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Striving in the Path of GodJihad and Martyrdom in Islamic Thought$
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Asma Afsaruddin

Print publication date: 2013

Print ISBN-13: 9780199730933

Published to Oxford Scholarship Online: September 2013

DOI: 10.1093/acprof:oso/9780199730933.001.0001

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Fighting in the Path of God

Fighting in the Path of God

A Religious and Moral Obligation

Chapter:
(p.34) II Fighting in the Path of God
Source:
Striving in the Path of God
Author(s):

Asma Afsaruddin

Publisher:
Oxford University Press
DOI:10.1093/acprof:oso/9780199730933.003.0003

Chapter Two discusses the introduction of fighting (qitāl) in the Qur’ān as an important component of jihād in specific circumstances when believers are under attack by hostile forces, ending the prohibition against armed combat during the Meccan and early Medinan periods. The Qur’ān adopts trenchant language to impress upon the faithful that in response to certain conditions, believers should not shrink from carrying out this religious and moral obligation when commanded to do so by God and His prophet. The taking of human life that armed combat entails in such specific situations is acknowledged in the Qur’ān as an act of enormity. Several verses enumerate the conditions under which qitāl becomes necessary – primarily in self-defense -- and outline the limits of justified military combat which should not be contravened by the faithful.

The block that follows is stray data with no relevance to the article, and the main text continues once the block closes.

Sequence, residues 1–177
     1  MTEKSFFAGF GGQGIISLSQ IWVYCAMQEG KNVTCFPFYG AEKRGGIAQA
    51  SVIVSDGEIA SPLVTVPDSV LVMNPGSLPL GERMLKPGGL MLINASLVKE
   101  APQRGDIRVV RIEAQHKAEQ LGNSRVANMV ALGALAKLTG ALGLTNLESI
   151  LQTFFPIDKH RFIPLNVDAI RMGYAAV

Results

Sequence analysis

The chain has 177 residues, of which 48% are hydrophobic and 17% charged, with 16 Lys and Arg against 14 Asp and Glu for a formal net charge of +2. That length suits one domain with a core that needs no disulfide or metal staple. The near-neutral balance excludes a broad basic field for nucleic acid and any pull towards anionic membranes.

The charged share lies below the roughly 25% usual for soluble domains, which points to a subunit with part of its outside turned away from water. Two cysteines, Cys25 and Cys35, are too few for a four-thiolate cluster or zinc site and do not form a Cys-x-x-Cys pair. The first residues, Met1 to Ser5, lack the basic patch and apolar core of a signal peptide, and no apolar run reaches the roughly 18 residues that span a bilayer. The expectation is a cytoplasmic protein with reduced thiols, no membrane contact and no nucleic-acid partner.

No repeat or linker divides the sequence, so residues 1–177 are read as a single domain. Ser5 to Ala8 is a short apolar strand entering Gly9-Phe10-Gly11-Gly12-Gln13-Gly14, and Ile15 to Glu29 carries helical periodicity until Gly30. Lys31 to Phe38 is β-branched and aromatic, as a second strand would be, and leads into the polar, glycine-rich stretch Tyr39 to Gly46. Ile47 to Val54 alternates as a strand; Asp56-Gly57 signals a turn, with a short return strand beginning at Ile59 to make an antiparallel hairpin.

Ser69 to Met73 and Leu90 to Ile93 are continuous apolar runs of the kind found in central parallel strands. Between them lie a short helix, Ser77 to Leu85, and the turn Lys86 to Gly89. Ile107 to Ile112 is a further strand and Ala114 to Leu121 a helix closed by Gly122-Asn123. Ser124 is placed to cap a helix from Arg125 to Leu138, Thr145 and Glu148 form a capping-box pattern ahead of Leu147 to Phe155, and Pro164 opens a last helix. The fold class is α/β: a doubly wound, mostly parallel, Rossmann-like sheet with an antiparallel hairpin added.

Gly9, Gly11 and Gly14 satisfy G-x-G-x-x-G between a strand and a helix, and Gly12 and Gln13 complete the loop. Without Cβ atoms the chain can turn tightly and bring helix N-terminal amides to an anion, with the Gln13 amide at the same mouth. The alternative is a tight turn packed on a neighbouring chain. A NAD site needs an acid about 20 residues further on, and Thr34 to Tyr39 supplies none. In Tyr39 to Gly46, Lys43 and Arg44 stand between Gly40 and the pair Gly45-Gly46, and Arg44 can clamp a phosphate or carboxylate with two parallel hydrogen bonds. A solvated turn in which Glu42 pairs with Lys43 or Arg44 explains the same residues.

Keywords:   qitāl, jihād, Meccan period, Medinan period, self-defense, justified military combat

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